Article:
Good friends help each other, and the animal kingdom is full of good friends. Two animals that work together in a way that benefits both species have what’s called a symbiotic relationship. For example, think of a zebra on the African savannah and the oxpecker bird that often rides on its back. In this symbiotic relationship, the zebra benefits when the oxpecker bird flies above it and sounds an alarm when a predator is near. The oxpecker bird benefits when it eats bugs and parasites that are on the zebra’s body.
Animals that work together are fascinating to learn about, and they remind us of how interconnected the natural world is. Keep reading for a list of children’s books available at the Orem Library all about symbiotic animal relationships.
By Anna McGregor
Anemone lives alone in the rock pool. The tide comes in and the tide goes out. All Anemone wants is a friend, but friends are hard to make when you accidentally sting everyone who comes near you. Perhaps Clownfish has a solution to the problem.
By Hannah E. Harrison
When a loud-mouthed tickbird lands on Mortimer the rhino’s nose and starts a symbiotic relationship, the reserved Mortimer is mortified, until he realizes they just might be the perfect pair.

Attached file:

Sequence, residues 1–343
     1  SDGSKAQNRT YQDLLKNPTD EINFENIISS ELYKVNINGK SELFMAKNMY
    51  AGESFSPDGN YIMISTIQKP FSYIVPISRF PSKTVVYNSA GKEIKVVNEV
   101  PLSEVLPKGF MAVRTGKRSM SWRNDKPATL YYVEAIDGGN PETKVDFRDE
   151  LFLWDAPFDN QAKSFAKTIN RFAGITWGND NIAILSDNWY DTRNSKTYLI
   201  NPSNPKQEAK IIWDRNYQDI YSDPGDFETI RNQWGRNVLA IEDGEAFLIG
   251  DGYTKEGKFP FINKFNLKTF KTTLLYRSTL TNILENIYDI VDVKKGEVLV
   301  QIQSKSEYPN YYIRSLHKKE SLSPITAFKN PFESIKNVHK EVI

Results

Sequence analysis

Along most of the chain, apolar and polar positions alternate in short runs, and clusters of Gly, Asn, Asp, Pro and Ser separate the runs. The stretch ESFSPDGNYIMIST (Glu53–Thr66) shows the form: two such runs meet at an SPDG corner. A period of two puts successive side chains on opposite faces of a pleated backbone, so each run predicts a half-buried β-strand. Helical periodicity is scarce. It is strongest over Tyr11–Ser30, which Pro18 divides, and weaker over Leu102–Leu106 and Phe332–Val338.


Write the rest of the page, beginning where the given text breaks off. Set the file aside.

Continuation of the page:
By Maria Loretta Giraldo
A tiny seed finds itself lost in the world, but with care from the Sky, Earth, and Sun it grows up to be a beautiful apple tree. When the tree meets a bird in need of help, it offers its branches as shelter and shows little readers the magic of being cared for and of taking care. This comforting tale celebrates the harmonious relationship between birds and trees, reveals the quiet wonder of our ecosystems, and helps little readers appreciate the care they receive from their family and friends every day. In return, children will learn that they can care for others too and cultivate empathy and kindness.
By Jennifer Ward
A fascinating rhyming exploration of symbiosis: how different animals (and even some plants!) help each other in nature.
By Jose Aruego
In the animal kingdom, you just can’t predict who will be friends with whom. One type of bird baby-sits for newborn crocodiles; there is a beetle that cleans a mouse’s house; and a certain fish leads blind shrimp through underwater traffic. In a world full of predators, the most unlikely creatures form alliances to help each other survive.
Although the ways in which these creatures interact might seem outlandish, their behavior is real animal nature. And kids will love learning about funny and fascinating animal friendships around the globe.
By Alvin Silverstein
Discusses the three kinds of symbiosis—mutualism, commensalism, and parasitism—and describes examples of these relationships.
Written by Chelsea C. (Outreach)